Since the 1990s, gaze technology - or eye tracking - has helped people with conditions such as motor neurone disease (MND), cerebral palsy and other ;locked-in syndromes' to control 2D desktop environments and communicate using visual keyboards.
Users typically guide a cursor with their eyes, staring at objects for a time to emulate a mouse click. But that is too laborious to let users to match the speed and accuracy of real-time 3D games, say researchers on the project at University, Leicester, UK. The team are developing the software as part of the EU-funded project Communication by Gaze Interaction (COGAIN).
Even though a user in, say, Second Life might look as if they are able-bodied, if they can't operate and communicate as fast as everyone else, they could be perceived as having a disability, hence privacy issues for players who may prefer not to reveal their disability in the virtual world.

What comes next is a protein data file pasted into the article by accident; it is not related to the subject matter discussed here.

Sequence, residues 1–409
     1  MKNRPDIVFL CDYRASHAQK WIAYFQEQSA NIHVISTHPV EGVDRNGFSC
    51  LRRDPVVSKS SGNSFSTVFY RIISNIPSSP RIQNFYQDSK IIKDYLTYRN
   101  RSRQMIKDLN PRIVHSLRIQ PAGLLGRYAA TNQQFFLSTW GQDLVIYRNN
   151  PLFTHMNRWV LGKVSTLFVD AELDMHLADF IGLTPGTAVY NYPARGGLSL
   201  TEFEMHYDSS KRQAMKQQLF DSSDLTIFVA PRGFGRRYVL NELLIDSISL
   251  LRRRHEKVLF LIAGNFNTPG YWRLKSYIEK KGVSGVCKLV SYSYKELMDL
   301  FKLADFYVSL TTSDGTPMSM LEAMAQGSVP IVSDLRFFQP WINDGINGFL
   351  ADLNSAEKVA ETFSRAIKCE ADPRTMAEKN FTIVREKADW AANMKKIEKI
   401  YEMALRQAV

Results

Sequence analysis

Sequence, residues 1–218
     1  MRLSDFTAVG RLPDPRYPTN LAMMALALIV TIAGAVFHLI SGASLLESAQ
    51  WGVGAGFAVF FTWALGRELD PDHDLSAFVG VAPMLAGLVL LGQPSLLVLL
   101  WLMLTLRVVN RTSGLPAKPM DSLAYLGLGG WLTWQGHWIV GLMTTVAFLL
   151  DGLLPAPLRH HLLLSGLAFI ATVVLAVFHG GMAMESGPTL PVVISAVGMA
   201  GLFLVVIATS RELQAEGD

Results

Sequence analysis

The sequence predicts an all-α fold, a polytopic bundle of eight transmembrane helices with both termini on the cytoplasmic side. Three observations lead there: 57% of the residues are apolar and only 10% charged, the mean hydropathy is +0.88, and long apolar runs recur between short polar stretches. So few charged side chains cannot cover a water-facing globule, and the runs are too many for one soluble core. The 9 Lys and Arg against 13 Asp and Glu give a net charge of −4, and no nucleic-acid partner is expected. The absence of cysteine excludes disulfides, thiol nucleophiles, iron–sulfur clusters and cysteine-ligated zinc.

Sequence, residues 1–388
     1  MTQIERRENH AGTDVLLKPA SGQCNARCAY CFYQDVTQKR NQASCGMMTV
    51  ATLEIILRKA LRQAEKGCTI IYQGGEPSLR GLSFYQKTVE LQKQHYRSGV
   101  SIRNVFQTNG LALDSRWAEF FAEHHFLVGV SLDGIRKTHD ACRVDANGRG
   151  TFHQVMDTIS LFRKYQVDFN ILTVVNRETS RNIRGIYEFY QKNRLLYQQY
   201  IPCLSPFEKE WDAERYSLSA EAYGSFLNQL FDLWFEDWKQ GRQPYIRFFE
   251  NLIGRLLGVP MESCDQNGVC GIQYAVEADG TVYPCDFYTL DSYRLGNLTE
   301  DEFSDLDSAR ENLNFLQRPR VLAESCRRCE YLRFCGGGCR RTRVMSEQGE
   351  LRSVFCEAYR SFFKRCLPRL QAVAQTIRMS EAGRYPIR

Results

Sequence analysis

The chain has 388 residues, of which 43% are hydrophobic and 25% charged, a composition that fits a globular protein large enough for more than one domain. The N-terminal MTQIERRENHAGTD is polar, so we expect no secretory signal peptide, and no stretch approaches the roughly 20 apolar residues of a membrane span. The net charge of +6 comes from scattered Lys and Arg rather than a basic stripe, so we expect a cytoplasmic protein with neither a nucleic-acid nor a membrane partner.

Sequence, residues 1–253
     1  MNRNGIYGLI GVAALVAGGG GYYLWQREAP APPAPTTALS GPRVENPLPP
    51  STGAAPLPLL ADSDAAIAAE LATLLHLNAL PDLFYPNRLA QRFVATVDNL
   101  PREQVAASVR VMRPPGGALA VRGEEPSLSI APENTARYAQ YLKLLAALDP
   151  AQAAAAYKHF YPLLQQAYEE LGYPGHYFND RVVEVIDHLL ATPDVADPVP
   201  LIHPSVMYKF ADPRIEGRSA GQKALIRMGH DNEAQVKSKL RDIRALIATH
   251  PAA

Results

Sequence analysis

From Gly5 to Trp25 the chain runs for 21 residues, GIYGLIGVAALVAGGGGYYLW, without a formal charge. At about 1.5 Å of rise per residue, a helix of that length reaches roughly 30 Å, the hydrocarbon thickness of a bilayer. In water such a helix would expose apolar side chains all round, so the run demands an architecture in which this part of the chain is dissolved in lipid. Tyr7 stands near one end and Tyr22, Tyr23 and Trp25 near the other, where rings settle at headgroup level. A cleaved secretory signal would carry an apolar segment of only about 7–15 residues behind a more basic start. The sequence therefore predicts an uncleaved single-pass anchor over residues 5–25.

In virtual worlds, gamers need to perform a whole suite of commands including moving their character or avatar, altering their viewpoint on the scene, manipulating objects and communicating with other players.
Eye-gaze systems bounce infrared light from LEDs at the bottom of a computer monitor and track a person's eye movements using stereo infrared cameras. This setup can calculate where on a screen the user is looking with an accuracy of about 5 mm.
A ‘gaze gesture’ is also built in to temporarily turn off the eye-gaze functions altogether, to avoid unintentionally selecting an item while looking around the screen.
Clearly our eyes are perceptual organs, not designed for pointing and selecting. You can't turn them off, like you can lift your hand off the mouse."
Enabling someone to express themselves and engage with people in ways that they can't do in real life - because they are restricted to a wheelchair or a bed - can have a really positive effect on their self-esteem and motivation.
Click here to watch video.